Greece had a tumultuous year. In January, a far-left government swept to power, a defiant finance minister challenged Eurozone-imposed austerity, and, even as negotiations with creditors proved tense, a triumphant referendum provided the mandate of a Greek people as furious with austerity as they were wounded by it. And yet, very little ultimately changed. The government, though critical of the terms, has swallowed yet another round of loans, agreeing to endure further austerity, prompting a general strike in November. Tear gas, molotov cocktails, and riot police filled the streets of Athens yet again.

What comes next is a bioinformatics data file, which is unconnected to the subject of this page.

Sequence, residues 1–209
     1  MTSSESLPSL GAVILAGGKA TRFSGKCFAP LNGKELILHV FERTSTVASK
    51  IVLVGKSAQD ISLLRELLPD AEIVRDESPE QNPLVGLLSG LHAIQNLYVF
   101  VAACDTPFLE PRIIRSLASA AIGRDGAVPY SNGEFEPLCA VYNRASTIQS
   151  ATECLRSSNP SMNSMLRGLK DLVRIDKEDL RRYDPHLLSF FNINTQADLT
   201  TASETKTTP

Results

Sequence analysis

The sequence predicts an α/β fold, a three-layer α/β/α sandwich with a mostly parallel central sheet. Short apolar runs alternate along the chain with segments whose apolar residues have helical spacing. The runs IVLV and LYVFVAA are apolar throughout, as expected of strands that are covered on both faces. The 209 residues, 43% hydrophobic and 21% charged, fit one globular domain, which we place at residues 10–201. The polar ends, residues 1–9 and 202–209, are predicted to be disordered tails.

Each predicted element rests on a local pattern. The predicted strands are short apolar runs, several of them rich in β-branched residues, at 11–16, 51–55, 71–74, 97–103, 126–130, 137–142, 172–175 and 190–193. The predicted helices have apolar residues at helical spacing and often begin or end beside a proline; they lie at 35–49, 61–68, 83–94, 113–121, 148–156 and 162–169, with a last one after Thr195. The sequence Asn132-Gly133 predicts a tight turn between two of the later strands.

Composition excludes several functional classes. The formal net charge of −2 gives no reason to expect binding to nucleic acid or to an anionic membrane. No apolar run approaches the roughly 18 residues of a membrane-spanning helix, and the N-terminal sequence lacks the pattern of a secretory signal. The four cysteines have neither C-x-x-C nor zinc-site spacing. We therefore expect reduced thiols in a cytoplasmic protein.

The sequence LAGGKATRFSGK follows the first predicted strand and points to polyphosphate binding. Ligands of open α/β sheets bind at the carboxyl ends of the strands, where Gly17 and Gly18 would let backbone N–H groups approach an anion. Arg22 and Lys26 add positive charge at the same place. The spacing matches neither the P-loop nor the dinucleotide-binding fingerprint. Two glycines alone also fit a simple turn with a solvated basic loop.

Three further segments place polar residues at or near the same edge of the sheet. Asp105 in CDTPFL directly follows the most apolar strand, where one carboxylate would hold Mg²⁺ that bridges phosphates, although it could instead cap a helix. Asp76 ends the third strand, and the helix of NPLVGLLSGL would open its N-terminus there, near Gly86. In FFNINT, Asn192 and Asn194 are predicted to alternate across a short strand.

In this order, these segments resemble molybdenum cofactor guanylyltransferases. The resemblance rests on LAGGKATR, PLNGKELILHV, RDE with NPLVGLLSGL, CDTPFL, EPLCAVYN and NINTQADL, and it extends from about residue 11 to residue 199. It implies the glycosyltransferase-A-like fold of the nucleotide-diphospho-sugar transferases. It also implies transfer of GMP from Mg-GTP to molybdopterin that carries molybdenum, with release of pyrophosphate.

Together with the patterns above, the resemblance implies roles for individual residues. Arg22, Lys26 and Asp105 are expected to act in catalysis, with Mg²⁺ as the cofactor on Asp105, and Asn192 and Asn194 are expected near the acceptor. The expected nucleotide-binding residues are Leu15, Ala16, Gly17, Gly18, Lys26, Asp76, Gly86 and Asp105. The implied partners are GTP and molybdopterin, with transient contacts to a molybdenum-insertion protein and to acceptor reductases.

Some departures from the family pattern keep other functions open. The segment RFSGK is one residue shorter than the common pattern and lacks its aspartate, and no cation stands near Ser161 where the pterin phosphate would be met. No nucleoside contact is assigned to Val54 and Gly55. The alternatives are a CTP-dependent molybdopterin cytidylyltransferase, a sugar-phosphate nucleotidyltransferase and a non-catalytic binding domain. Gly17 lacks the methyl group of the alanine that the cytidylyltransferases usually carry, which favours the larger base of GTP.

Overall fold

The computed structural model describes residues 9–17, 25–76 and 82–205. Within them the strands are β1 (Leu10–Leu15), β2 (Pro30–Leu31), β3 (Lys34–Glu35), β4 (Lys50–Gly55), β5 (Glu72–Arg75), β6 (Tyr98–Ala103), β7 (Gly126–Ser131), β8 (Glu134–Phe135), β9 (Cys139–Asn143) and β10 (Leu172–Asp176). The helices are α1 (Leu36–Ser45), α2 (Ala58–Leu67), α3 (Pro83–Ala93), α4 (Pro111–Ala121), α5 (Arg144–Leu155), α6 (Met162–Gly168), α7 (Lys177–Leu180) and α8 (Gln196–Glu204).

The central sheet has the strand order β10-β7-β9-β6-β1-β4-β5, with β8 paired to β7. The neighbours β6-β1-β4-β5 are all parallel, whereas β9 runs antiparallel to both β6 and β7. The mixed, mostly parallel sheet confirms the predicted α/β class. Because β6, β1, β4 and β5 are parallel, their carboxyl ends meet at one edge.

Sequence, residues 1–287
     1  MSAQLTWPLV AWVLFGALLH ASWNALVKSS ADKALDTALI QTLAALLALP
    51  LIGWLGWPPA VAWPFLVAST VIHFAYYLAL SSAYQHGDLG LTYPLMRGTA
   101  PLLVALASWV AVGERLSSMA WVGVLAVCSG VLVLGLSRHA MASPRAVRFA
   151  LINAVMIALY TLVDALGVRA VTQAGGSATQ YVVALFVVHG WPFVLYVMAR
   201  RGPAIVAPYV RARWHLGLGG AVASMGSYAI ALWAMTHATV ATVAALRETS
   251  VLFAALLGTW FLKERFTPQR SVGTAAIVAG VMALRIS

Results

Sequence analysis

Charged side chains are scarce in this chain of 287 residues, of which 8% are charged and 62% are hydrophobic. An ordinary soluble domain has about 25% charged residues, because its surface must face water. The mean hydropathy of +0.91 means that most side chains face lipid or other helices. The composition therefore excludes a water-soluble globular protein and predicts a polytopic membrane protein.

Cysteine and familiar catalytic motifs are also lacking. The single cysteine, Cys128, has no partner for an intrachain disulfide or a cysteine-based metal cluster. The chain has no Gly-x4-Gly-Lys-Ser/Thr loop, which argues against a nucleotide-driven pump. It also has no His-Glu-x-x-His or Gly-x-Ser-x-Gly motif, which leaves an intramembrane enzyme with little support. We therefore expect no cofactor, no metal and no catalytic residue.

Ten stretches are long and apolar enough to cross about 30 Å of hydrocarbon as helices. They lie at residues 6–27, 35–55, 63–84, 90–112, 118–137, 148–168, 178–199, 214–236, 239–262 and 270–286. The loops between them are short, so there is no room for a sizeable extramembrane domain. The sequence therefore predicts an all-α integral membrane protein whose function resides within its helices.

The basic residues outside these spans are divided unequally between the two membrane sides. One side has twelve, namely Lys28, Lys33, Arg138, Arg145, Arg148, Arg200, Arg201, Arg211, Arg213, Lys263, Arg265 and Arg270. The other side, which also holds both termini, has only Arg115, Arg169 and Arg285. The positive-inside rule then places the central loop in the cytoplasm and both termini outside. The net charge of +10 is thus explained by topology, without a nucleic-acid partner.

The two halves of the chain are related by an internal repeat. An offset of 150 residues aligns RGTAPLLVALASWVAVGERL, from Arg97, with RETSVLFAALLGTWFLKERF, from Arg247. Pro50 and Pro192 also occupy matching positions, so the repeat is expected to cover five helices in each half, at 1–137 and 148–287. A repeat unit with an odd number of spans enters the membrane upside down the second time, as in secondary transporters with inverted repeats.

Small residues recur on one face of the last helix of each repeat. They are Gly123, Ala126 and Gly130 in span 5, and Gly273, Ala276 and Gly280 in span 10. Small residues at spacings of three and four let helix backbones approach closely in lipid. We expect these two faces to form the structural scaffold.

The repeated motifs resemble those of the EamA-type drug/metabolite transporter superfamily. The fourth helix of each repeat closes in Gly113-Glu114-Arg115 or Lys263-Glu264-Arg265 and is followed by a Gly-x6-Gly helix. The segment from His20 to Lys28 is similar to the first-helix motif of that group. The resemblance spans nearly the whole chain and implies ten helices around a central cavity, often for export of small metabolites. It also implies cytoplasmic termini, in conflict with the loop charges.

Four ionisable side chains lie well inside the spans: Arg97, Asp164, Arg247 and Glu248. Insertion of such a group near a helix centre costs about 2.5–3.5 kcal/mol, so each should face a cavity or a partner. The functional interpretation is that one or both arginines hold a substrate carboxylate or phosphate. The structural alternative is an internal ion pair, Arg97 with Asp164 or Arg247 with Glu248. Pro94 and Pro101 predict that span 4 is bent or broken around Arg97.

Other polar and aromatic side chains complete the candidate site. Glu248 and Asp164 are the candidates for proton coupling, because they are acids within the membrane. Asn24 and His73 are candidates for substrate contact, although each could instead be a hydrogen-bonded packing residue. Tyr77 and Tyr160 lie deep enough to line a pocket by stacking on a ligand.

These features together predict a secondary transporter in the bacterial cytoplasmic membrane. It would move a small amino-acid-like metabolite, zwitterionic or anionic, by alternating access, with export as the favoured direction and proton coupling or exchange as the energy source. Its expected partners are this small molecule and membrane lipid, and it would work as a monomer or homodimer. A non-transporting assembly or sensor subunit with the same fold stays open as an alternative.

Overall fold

The images of November’s strike are reminiscent of those that appeared in newspapers when Greece was gripped by austerity-induced violence in 2011 and 2012, as riot police confronted demonstrators. It is those photographs that Greek artist Panos Tsagaris painfully asks us to confront. Tsagaris took copies of the New York Times, which covered the events, blanketing the articles in a leafy gold foil, leaving only images of violent clashes between police and demonstrators. The extremely kinetic images are almost comically juxtaposed with the paper’s banal masthead: “All the News That’s Fit to Print.” Gold and glinting, the foil slides its viewers’ eyes towards the violence while preventing them from finding erudite solace in articles that would journalistically explain economics with cold detachment. Tsagaris’s work reminds us that austerity takes its ultimate toll not on economic markets but on the human body.